Role of Credit Rating Agencies in Financial Stability and Development
Credit Rating Agencies—or External Credit Assessment Institutions, as referred to in the New Basel Capital Accord—provide independent, forward-looking “opinions” to investors on the credit worthiness—or ability and willingness to service debt in full and in time—of an obligor (debt issuer) with respect to a specific financial obligation, or a class of financial obligations, or a specific financial program such as a commercial paper issuance. Those opinions are expressed in the form of (a) a credit rating for various financial instruments and transactions such as corporate bonds (both financial and non-financial institutions); (b) obligations issued by sovereign (central governments) and sub-sovereign (state and local governments) borrowers, other public institutions, and supra-nationals (multilateral and regional institutions); and (c) structured finance transactions (e. g., asset-backed securities, project finance transactions, collateralized debt obligations).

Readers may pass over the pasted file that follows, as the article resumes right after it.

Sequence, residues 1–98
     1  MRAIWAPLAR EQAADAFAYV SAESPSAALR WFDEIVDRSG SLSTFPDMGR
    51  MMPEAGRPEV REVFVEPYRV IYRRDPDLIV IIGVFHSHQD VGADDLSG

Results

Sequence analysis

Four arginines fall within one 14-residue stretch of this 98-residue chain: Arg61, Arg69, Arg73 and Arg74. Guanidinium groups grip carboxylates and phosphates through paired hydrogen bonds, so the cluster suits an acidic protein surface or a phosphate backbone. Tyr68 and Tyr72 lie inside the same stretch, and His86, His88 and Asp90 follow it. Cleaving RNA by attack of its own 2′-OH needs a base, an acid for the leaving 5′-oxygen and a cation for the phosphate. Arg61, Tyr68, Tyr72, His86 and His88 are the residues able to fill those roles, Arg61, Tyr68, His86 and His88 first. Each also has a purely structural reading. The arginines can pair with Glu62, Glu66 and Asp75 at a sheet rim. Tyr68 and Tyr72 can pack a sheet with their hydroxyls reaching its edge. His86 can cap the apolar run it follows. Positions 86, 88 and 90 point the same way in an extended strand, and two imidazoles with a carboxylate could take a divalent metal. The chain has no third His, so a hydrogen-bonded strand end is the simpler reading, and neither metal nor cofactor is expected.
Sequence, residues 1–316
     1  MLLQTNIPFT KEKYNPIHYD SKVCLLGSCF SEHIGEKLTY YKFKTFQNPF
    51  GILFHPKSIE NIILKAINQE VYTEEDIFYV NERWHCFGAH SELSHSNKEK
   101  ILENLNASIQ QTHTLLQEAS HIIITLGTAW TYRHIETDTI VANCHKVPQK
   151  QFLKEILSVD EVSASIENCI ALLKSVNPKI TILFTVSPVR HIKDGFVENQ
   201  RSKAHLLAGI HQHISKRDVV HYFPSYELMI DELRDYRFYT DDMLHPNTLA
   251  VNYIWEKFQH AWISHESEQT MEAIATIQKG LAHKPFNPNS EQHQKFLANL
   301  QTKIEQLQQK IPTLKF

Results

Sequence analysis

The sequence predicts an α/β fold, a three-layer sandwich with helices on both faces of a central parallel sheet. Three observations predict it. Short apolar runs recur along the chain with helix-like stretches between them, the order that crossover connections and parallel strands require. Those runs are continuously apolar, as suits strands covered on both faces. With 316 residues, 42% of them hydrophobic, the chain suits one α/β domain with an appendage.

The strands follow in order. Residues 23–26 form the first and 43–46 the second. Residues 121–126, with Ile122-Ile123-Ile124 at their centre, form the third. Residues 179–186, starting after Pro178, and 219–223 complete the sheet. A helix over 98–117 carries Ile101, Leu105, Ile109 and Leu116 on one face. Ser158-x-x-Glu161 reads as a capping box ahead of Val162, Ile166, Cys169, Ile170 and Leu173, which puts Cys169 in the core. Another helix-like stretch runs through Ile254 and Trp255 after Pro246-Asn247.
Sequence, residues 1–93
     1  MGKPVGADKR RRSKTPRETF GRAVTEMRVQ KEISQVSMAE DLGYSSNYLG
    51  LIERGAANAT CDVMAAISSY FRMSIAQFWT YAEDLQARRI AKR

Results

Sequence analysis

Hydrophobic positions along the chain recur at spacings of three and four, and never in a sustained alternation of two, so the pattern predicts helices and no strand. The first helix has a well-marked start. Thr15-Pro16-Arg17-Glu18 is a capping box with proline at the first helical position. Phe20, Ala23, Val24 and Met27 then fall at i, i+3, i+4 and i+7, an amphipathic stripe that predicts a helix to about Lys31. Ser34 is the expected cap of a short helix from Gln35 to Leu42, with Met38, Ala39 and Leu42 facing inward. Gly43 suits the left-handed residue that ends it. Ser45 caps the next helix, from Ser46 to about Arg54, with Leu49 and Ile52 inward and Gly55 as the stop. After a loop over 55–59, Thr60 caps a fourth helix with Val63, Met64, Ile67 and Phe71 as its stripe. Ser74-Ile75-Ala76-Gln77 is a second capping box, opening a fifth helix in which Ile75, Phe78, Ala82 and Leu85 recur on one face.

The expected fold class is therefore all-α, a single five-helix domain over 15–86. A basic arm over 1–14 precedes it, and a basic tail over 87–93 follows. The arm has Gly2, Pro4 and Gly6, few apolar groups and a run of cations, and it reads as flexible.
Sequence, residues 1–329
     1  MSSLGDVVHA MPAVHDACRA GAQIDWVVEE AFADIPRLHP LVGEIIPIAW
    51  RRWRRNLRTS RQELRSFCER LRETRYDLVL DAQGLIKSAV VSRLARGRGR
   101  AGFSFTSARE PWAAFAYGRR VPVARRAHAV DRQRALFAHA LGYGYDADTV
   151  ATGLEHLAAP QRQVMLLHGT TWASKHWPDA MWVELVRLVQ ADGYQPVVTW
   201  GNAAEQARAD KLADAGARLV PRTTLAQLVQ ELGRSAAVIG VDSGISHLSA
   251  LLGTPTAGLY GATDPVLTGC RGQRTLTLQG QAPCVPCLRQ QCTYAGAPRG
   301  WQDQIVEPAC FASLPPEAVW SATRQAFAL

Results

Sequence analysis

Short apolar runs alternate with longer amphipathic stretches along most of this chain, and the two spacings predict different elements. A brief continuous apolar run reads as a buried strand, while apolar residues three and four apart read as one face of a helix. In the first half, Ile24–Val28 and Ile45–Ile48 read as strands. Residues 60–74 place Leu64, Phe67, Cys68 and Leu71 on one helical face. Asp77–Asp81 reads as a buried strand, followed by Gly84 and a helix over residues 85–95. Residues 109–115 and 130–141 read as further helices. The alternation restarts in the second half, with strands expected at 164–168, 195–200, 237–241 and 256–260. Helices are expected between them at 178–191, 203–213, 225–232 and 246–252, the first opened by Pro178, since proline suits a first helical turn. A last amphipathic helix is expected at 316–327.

The ratings are based on current information obtained from the obligors and other sources that the rating agencies consider reliable. Judging credit quality involves analyzing a broad scope of relevant risk factors, often subjective, which are unique to particular industries, issuers, and countries. For a discussion of what methodologies are used in assessing country credit ratings, what the sources of possible biases are in those assessments, and how the rating methodology has evolved in recent years, see Bhatia (2002). Credit ratings may be of long-term or short-term duration, depending on the maturity of the instrument. Rating agencies differentiate the ability to service foreign and local currency debt in their analysis and issue separate ratings by currency. They may be subject to downgrade or upgrade should a rating agency consider that material changes in the financial condition of an issuing entity warrant a rating review.14